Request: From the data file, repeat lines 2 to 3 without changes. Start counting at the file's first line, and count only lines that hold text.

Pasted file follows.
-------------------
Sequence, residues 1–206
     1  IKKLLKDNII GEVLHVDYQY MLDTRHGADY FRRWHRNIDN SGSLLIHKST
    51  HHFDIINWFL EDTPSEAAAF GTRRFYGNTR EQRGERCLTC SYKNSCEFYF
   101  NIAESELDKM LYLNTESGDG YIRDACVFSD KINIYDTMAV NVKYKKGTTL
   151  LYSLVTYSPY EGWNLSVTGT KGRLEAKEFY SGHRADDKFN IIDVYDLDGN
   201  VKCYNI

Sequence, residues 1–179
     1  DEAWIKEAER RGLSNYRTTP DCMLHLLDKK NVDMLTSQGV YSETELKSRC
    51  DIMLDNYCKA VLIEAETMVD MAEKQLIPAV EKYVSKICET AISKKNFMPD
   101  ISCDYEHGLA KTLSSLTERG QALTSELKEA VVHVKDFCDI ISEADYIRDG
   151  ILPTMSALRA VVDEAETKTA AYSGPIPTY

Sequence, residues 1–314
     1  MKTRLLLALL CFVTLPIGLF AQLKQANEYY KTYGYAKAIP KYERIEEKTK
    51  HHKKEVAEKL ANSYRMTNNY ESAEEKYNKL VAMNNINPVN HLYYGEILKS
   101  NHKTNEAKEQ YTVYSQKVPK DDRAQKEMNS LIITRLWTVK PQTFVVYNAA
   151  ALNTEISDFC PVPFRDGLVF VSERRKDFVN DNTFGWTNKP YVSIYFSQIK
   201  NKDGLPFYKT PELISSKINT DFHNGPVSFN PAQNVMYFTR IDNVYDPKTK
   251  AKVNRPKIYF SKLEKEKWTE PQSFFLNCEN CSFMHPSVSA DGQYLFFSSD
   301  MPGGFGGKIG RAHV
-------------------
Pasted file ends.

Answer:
     1  IKKLLKDNII GEVLHVDYQY MLDTRHGADY FRRWHRNIDN SGSLLIHKST
    51  HHFDIINWFL EDTPSEAAAF GTRRFYGNTR EQRGERCLTC SYKNSCEFYF